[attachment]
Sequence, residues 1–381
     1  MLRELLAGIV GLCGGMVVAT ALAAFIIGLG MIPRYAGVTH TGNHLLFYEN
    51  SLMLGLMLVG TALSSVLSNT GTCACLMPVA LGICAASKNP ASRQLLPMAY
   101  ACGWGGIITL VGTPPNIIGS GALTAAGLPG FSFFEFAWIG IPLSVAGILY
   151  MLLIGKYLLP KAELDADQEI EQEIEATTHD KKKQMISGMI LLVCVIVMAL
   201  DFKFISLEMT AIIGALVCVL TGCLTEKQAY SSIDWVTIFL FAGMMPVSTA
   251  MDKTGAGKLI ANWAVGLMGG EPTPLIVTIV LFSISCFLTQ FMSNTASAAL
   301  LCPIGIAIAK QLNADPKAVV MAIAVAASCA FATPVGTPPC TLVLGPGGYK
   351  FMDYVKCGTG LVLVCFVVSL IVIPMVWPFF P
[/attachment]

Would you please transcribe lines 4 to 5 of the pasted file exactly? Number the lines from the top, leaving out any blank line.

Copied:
   101  ACGWGGIITL VGTPPNIIGS GALTAAGLPG FSFFEFAWIG IPLSVAGILY
   151  MLLIGKYLLP KAELDADQEI EQEIEATTHD KKKQMISGMI LLVCVIVMAL